Paul Haustein (1880–1944) was a German enamelist, metalworker, ceramicist, furniture designer, and graphic designer. He was active in Darmstadt and Stuttgart.
He studied at the Kunstgewerbeschule, Dresden, and Munich.
He performed enamelwork experiments and created metal designs for Vereinigte Werkstätten für Kunst im Handwerk. Munich and, beginning in 1906, Bruckmann und Söhne, Heilbronn. He was one of the artists of Grand Duke Louis IV of Hesse-Darmstadt’s colony in 1903. He created straightforward designs with rich abstract foliate scroll ornamentation for the company. He was fascinated by silver and copper, which he combined in 1903 in incredibly inventive ways. In one early instance, copper was covered in enamel. His silver designs in 1903-05. They were created by E.L. Victor, the court silversmith in Darmstadt, just like Hans Christiansen. Haustein was a professor at the Peter Behrens-founded “Applied Art Master Course” in Nuremberg from 1901 to 1902. Beginning in 1905, he taught metalworking at the Bernhard Pankok-run Kunstgewerbeschule in Stuttgart. One of the first examples of Art Deco design was Haustein’s tureen, displayed at the 1910 Brussels Exposition as a response to Henry van de Velde’s simple, functional forms.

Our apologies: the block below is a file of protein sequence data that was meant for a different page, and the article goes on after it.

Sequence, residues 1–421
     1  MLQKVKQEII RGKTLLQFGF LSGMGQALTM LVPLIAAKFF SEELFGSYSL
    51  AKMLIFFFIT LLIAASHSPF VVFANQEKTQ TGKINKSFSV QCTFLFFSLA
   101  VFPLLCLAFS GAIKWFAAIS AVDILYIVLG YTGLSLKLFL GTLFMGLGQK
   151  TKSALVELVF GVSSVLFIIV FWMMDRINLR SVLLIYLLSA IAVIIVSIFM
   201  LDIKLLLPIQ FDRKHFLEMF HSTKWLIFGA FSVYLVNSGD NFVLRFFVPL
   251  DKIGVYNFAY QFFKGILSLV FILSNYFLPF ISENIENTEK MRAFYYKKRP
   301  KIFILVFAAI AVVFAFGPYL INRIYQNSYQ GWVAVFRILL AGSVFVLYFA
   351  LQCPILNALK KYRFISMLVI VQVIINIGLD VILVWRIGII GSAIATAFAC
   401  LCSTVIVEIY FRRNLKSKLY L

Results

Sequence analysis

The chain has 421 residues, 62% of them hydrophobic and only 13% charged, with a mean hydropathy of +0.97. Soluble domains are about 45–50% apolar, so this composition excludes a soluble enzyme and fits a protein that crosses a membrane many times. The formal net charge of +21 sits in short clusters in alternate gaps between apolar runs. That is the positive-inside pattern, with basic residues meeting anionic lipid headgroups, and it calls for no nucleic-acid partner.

His work was shown at exhibitions in Darmstadt: the 1904 St. Louis ‘Louisiana Purchase Exposition, where he won a prize: Bruckman stand at the 1910 Brussels ‘Exposition Universelle et Internationale.
Byars, M., & Riley, T. (2004). The design encyclopedia. Laurence King Publishing. https://amzn.to/3ElmSlL